HH: I would, but that, the leaders went out on a limb.
JC: So you don’t think the leaders would take that deal?
HH: The leaders won’t take any tax hikes. They can’t.
JC: Not a dollar or a dime?
HH: Well, that’s not reasonable. I mean, whatever would be suggested, a Democrat wouldn’t offer that. But any deal that came forward, I’m sure they’d take a dollar in tax hikes for $1.8 trillion, or $1.5 trillion. But Jonathan, what I’m trying…
JC: Sure, but here’s why. Right, I mean, a thousand dollars?
HH: I don’t know what the cutoff is, but they said no tax hikes. None.
HH: And so they risk their ability to lead their caucus, and indeed, their jobs if they come forward with a proposal, or their appointees do. So I think we’re going to be at the triggers.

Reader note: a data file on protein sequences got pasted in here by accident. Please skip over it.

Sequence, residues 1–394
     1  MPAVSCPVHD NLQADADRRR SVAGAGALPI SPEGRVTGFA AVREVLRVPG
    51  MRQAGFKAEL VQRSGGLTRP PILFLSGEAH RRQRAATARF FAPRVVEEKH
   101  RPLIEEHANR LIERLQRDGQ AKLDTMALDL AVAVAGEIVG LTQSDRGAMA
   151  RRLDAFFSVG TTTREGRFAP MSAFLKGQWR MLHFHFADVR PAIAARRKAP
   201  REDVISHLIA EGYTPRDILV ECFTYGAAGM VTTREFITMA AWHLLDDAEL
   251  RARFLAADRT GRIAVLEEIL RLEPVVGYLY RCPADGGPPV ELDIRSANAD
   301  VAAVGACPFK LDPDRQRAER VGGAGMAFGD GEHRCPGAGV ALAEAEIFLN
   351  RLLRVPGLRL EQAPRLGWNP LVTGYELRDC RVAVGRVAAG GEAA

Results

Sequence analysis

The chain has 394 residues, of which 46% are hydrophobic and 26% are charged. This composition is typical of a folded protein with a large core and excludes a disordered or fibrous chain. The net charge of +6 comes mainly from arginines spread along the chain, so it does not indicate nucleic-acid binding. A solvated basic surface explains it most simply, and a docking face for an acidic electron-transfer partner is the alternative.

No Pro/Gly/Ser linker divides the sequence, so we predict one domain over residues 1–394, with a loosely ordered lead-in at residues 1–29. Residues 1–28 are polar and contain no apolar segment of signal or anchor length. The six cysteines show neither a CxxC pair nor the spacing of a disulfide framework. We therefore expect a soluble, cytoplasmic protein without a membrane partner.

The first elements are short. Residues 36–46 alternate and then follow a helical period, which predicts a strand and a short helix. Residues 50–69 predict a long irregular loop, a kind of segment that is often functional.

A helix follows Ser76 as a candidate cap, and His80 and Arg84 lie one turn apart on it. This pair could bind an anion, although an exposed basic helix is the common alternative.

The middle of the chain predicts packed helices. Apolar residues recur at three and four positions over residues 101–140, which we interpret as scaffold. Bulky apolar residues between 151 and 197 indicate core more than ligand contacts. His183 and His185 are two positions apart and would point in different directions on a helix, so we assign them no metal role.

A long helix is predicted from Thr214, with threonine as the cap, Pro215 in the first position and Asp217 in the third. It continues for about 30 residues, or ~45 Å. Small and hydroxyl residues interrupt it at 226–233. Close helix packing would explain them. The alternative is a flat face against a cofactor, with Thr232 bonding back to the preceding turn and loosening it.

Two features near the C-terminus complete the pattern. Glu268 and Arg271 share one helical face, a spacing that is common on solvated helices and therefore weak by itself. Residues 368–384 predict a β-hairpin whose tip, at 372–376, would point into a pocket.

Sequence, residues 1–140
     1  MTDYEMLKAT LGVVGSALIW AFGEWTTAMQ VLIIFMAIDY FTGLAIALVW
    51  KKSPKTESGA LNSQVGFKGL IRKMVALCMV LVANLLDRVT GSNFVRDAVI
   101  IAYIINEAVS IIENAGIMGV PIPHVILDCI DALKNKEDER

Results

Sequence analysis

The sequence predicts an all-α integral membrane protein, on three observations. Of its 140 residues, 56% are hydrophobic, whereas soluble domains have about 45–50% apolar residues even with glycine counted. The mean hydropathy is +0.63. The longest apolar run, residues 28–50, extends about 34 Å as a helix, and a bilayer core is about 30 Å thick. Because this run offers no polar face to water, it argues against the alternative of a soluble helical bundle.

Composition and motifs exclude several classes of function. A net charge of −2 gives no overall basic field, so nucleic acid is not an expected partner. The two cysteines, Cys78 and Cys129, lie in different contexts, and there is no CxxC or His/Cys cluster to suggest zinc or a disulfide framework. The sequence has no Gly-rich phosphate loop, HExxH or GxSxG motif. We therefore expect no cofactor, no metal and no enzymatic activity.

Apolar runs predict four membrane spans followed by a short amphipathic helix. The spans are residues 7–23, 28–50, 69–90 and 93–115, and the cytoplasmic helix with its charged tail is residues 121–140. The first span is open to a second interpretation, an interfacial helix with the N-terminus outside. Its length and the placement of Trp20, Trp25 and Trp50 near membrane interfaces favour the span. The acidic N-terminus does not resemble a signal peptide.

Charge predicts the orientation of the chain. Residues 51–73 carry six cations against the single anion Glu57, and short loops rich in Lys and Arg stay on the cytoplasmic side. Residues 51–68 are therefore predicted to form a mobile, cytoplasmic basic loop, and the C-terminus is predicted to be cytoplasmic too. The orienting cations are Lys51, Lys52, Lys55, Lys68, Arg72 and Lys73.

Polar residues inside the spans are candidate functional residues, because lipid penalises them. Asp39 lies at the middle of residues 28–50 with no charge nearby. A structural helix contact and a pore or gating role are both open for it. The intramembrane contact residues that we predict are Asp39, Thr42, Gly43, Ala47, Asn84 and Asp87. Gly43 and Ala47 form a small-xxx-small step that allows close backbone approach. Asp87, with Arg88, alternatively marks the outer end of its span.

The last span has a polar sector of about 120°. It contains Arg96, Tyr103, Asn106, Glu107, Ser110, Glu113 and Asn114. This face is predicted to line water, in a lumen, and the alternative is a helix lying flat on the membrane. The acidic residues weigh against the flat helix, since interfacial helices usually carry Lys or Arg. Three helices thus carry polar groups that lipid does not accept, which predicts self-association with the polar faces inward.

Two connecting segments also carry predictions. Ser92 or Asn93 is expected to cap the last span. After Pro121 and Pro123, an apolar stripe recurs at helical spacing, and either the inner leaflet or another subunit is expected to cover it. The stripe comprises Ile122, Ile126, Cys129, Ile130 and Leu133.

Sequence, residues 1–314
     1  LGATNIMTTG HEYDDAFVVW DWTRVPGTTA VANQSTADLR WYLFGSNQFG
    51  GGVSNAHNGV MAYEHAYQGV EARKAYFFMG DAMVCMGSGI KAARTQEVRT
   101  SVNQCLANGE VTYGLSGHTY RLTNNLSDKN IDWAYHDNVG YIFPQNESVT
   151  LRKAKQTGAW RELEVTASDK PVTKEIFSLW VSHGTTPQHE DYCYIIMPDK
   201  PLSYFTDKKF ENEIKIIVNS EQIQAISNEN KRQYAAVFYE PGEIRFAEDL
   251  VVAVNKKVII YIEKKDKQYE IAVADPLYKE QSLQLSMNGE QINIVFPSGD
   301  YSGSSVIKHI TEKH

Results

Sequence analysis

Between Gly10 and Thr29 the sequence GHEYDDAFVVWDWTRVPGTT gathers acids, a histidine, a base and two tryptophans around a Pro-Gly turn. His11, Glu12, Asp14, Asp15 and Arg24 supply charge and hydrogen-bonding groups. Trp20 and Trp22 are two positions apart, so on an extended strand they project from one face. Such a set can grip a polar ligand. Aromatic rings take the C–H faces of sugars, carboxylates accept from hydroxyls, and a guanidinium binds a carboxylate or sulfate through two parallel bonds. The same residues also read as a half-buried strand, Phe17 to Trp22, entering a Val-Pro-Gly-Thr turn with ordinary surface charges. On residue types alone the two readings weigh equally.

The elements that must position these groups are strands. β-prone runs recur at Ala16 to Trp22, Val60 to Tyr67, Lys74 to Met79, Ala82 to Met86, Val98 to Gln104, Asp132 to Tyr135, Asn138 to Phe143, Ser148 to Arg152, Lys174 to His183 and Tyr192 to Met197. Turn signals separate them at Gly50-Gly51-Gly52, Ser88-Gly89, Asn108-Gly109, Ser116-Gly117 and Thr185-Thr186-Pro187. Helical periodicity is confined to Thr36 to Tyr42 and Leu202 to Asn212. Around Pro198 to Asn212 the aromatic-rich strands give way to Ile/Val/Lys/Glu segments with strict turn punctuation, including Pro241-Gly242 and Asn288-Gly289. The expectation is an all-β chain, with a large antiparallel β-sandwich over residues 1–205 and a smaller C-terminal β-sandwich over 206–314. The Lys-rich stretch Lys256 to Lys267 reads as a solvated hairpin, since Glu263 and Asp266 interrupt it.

HH: And I’m just curious, where do you think we get $600 billion more out of Defense?
JC: I don’t know anyone who thinks that’s a good thing. I mean, that’s the thing. I mean, what level of taxes would conservatives think would be better than cutting that much out of Defense? There’s got to some level of taxes that you’d rather raise than cutting that much out of Defense.
HH: Nope. Nope, I think if you guys cut $600 billion out of Defense, you’ll go into the political wilderness for fifty years. If you let that happen…
JC: What do you mean you guys?
HH: The Democrats are the ones who insisted on holding Defense hostage. You used the H term. You guys took the Pentagon hostage, and the sailors, soldiers, airmen and Marines of the United States Military. You have to live with the cuts that you insisted on being the trigger if they kick in. If you block entitlement reform, and the Defense cuts come about because of obstinacy on your part. That just makes you guys the San Francisco Democrats of 1984 again.